I have made this a double entry for both Floyd Mayweather Jr.'s father and uncle. Even though Roger has been far more influential training the current pound-for-pound king as a pro, the entire chaotic yet boxing-rich Mayweather milieu has played a crucial role developing Floyd Jr. into the talent he has become.
In any field, virtuoso artists are very likely to be former child prodigies, and this is very much the case in the Mayweather clan. Floyd Jr. grew up around the sport, trained by his father from the time he was a small child. Only a terrible judging decision prevented him from winning a gold medal as a teenager at the 1996 Olympics, where he had to settle for bronze.
Uncle Roger first took over his nephew's training while Floyd Sr. was serving a prison term, but eventually he developed into Floyd Jr.'s preferred coach. On programs like 24/7, the Mayweathers often appear like a true-life soap opera. Nevertheless, their success as a boxing team cannot be denied.
8. Freddie Roach and Manny Pacquiao
Inducted into the Hall of Fame in 2012, Freddie Roach is among the top trainers in the sport today. And eight-division world champion Manny Pacquiao has been his greatest achievement.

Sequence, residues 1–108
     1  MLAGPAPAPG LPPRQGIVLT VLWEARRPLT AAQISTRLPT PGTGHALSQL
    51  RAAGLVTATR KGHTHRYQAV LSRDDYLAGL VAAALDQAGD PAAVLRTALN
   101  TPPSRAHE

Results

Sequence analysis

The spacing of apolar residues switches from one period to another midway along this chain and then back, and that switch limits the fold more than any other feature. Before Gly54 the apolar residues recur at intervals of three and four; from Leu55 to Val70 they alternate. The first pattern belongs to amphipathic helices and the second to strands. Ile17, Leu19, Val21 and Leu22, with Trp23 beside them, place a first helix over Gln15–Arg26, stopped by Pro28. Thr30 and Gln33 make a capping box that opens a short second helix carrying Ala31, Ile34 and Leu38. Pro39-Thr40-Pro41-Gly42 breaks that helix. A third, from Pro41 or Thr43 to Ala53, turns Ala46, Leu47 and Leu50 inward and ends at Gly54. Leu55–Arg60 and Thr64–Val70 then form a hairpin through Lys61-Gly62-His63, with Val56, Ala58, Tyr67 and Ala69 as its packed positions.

Pacman had great natural tools to work with, in the form of explosive athleticism and a dangerous left hand. But when he came to Roach's Wild Card Gym, the big left was pretty much his entire bag of tricks.
Roach developed Pacquiao into an all-around boxing star. Speed and athletic ability remain at the heart of Pacquiao's style, but under Roach's guidance he has developed a sophisticated use of angles and a fearsome right hook to complement his menacing straight left.
7. Ray Arcel and Roberto Duran
Ray Arcel's legendary training career began in the 1920s, and his long list of champions included names such as Barney Ross, Ezzard Charles, Tony Zale and Benny Leonard. But after a dispute with some of the sport's more shadowy elements, he walked away and retired in the 1950s.
Nearly 20 years later he was lured back into action over the prospect of working with a ferocious brawler from Panama named Roberto Duran.
With a nickname like Hands of Stone, clearly Duran was designed by the gods for a career as a prizefighter. But Arcel helped him develop the defensive abilities that made him one of the most dangerous pressure fighters to ever climb between the ropes.